Dis­cover a hid­den trea­sure

Somerset House is a good ex­cuse to es­cape the busy city life and delve into tran­quil­lity in a town rich in his­tory, nat­u­ral beauty and charm

Weekend Argus (Saturday Edition) - - TRAVEL 2013 - MYR­TLE RYAN

THANK you, Eastern Cape truck driver, for over­tak­ing me at the cru­cial mo­ment, just as I was look­ing for my turn-off. By do­ing so, you caused me to by­pass the nec­es­sary junc­tion, ar­rive at a dif­fer­ent des­ti­na­tion , and so ex­pe­ri­ence the he­do­nis­tic plea­sures of Somerset House.

It is on small things like this (a truck driver ir­ri­tated by my slow dither­ing) that my trav­els of­ten hinge. An an­noy­ing set­back can prove to be a gift in dis­guise.

A ring on the door­bell, and Vega van Niek­erk – who owns Somerset House in Somerset East, with her hus­band Stephen – opened the door to el­e­gance, tran­quil­lity, grand lounges, fine an­tiques, rich car­pets, huge mir­rors and heavy drapes. She also had a room avail­able.

In no time, I was set­tled into a sump­tu­ous gar­den suite, over­look­ing a veg­etable and herb patch, with a fine view of the Boschberg. Tea was served on the ve­randa, over­look­ing the lawns and moun­tain. Chairs, so­fas, ta­bles, and trees in tubs are scat­tered around this U-shaped, peace­ful haven.

Dark­ness was trail­ing its cloak, but I felt re­luc­tant to stir. Vega served me a tasty light sup­per: slightly cur­ried home­made veg­etable soup, and an enor­mous sand­wich with fresh gar­den salad – on the ve­randa, rather than in­doors.

Clearly she is at­tuned to her guests’ de­sires and did not ask if this was where I wanted to eat. She just sensed it.

Be­ing a four-star haven, the beds and linen are lux­u­ri­ous, with un­der­floor heat­ing, air conditioning, and at­trac­tive en-suite fa­cil­i­ties in all the spa­cious bed­rooms. As it is in the qui­etest part of town, Mor­pheus soon claimed me.

As the weather was balmy, break­fast was served on the ve­randa, rather than in the spa­cious din­ing room. The hearty meal be­gan with a beau­ti­fully pre­sented fresh fruit plat­ter. Guests can re­quest a din­ner pre­pared by one of South Africa’s pre­mier chefs, Janet Telian, who lives in the area.

Vega joined me for a cof­fee and re­lated the his­tory of Somerset House, built as a school in colo­nial style in 1905.

Af­ter the flu epi­demic of 1918, it be­came an or­phan­age for 100 chil­dren left par­ent­less by this out­break, and was known as the Hofmeyr In­sti­tute, started by Is­abel Hofmeyr.

In 1936, tragedy struck. Some of the boys went on a pic­nic in the Boschberg. When the time came to go home, eight could not be found. Four sur­vived, but four died in harsh con­di­tions on the moun­tain. The or­phan­age was closed shortly af­ter­wards.

It then be­came a co-ed pri­mary school, but closed in 1950. It stood empty for years; be­came a fac­tory mak­ing an­i­mal-feed pel­lets; then a work­shop for a com­pany pro­duc­ing wooden fur­ni­ture. It opened as a guest­house, but this ven­ture also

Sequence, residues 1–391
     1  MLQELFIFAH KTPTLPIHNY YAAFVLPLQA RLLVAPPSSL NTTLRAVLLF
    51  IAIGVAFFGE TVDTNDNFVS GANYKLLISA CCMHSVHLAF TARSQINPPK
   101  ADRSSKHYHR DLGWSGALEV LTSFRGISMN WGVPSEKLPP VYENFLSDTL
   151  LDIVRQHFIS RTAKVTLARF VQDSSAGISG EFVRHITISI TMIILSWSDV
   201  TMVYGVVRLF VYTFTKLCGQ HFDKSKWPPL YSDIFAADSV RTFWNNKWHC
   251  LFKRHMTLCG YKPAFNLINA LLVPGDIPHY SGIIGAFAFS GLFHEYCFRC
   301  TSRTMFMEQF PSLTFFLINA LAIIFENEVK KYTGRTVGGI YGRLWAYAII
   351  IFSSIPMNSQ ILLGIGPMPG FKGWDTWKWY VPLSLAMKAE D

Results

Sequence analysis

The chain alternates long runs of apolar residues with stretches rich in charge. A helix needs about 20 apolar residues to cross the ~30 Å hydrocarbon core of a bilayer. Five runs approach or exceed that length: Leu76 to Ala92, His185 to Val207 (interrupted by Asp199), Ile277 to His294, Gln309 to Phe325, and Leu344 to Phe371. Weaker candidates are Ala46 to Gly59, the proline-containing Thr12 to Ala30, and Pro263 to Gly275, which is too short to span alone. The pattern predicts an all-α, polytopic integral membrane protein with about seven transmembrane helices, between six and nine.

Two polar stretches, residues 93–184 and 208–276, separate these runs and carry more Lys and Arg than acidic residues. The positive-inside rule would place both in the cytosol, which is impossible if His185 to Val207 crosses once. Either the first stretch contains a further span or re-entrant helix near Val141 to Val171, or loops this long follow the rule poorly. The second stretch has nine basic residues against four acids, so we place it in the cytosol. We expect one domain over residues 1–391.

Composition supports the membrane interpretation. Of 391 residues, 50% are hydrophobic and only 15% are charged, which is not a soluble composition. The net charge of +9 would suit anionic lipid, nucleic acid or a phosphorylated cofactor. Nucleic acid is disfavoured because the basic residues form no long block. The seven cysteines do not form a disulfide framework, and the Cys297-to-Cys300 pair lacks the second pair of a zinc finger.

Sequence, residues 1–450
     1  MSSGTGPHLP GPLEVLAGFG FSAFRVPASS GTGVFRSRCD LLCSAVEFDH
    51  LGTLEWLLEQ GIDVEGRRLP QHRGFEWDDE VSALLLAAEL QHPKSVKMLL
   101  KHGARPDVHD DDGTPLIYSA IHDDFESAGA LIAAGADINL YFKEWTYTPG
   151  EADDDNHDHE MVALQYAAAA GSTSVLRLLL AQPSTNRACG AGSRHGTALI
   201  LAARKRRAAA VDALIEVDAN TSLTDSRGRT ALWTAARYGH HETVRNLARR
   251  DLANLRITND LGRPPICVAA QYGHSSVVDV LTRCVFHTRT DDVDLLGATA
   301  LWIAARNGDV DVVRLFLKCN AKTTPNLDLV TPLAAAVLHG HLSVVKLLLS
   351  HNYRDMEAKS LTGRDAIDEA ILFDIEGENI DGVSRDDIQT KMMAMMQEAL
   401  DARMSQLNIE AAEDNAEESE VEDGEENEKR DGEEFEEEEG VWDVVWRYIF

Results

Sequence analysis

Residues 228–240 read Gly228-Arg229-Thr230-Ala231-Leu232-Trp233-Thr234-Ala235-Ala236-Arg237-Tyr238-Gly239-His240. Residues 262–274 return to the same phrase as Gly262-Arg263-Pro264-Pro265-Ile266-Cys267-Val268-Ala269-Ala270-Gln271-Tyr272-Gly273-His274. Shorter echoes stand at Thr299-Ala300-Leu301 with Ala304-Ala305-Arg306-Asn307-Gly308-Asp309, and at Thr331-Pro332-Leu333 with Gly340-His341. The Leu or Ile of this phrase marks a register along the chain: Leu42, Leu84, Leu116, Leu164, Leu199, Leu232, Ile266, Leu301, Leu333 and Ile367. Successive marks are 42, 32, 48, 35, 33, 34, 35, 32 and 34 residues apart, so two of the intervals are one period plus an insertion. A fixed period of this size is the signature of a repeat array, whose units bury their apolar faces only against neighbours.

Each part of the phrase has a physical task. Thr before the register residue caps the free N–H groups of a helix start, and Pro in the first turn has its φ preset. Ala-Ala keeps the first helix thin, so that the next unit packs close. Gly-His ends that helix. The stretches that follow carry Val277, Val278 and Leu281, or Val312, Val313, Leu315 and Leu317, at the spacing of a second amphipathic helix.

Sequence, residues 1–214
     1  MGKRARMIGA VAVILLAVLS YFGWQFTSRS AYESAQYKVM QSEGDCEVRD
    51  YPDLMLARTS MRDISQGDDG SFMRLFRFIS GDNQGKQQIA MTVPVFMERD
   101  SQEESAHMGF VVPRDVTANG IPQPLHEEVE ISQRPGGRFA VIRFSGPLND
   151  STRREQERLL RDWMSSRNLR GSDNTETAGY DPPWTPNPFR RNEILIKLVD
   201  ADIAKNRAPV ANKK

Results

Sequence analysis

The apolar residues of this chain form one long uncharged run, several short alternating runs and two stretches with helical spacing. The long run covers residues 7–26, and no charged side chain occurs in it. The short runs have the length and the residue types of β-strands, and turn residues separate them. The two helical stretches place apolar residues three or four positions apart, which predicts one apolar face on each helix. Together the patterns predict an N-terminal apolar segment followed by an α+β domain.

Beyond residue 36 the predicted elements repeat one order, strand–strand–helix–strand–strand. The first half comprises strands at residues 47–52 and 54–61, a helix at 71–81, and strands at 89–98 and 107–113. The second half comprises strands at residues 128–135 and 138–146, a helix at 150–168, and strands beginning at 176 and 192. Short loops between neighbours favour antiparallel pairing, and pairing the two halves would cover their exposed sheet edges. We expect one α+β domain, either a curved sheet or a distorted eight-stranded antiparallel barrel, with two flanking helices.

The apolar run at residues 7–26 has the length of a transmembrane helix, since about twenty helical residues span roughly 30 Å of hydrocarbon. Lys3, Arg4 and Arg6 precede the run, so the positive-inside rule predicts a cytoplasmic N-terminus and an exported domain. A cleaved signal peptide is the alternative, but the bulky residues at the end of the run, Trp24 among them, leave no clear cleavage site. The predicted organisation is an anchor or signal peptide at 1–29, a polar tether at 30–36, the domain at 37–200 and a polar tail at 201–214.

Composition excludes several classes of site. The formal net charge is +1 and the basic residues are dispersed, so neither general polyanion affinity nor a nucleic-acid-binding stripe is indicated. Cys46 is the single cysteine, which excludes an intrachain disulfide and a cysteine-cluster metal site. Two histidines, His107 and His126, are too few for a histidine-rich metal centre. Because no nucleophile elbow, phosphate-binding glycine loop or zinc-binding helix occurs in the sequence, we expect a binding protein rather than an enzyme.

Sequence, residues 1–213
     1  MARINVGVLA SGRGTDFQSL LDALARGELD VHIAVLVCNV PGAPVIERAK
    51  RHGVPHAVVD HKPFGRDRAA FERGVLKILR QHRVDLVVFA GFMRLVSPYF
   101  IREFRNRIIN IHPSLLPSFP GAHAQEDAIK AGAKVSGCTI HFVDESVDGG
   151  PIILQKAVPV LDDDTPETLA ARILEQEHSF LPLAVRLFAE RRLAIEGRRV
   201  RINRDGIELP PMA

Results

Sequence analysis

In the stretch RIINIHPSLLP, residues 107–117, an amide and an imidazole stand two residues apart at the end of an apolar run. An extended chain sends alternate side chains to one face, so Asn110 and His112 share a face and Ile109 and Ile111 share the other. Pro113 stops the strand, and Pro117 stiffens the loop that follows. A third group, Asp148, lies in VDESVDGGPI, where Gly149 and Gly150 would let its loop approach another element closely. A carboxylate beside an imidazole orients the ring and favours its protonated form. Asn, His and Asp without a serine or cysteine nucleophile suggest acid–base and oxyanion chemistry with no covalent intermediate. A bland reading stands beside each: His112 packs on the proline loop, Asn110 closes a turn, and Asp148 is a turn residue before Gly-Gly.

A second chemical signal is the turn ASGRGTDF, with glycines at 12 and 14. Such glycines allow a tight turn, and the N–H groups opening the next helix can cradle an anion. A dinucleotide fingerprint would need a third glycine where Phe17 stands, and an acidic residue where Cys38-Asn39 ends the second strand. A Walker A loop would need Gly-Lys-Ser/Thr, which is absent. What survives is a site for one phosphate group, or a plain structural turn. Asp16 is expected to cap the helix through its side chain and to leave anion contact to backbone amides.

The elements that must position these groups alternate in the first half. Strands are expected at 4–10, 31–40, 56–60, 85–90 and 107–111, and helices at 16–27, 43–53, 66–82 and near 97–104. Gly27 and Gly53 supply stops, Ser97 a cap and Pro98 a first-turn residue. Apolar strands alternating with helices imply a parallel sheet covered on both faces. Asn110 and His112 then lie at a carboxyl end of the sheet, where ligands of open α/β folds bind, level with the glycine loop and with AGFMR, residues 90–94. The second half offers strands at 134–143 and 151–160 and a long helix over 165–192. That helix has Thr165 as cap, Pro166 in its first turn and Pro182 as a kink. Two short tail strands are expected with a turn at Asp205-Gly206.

She opened the door

to el­e­gance, grand lounges, fine an­tiques

and rich car­pets

failed, and the build­ing was taken over by a church group.

The old build­ing must have heaved a sigh of re­lief when the Van Niek­erks, who lived on a farm in the area, bought it in 1998.

The town it­self, founded by Lord Charles Somerset in 1825, also has an in­ter­est­ing his­tory. The govern­ment set up a farm here, run by a Robert Hart, to sup­ply troops with food. When the farm was pro­claimed a town, Hart moved to nearby Glen Avon farm, which is still in the fam­ily.

Wil­liam Burchell spent months in this area col­lect­ing and sketch­ing.

On a more mod­ern note, Wil­liam Oates Pri­mary School is said to be the old­est in the area. Parts of it are even older than well-known Bish­ops in Cape Town.

Famed artist Wal­ter Bat­tiss grew up here. An art gallery named af­ter him is in a build­ing once run by the Bat­tiss fam­ily as a ho­tel.

Fa­ther Michael Scully was the last Ro­man Catholic priest to serve the Church of St Fran­cis in the town. He died in 1997 aged 80.

A much- loved fig­ure, nearly ev­ery­one in the town has a story about him. Even the ceme­tery on the hill bears his name.

He was the res­i­dent TV ex­pert, and when TV ar­rived in the coun­try in the 1970s, those who didn’t know how to tune it were of­ten res­cued by Fa­ther Scully, who rode about town on his bi­cy­cle.

It is said the man of the cloth was al­ways happy to help, es­pe­cially if you hap­pened to have a spot of Ir­ish whiskey in the house.

There are many mu­se­ums and places of in­ter­est to ex­plore, while a drive up the forested Boschberg, en­com­pass­ing the Bos­berg Na­ture Re­serve, takes you to a point with a fine view of Somerset East and its sur­rounds.

● Con­tact: Somerset House 042 243 1819; 073 154 6199; som­er­setgh@telkomsa.net; www.somerset-house.co.za

● Glen Avon 042 243 3628; brown@gle­navon­farm.co.za

PIC­TURES: MYR­TLE RYAN

IDYL­LIC: Somerset House from the front gar­den.

HIS­TORIC: Wil­liam Oates Pri­mary is one of the area’s old­est schools.

IN THE FAM­ILY: This was once a ho­tel run by artist Wal­ter Bat­tiss’s fam­ily.

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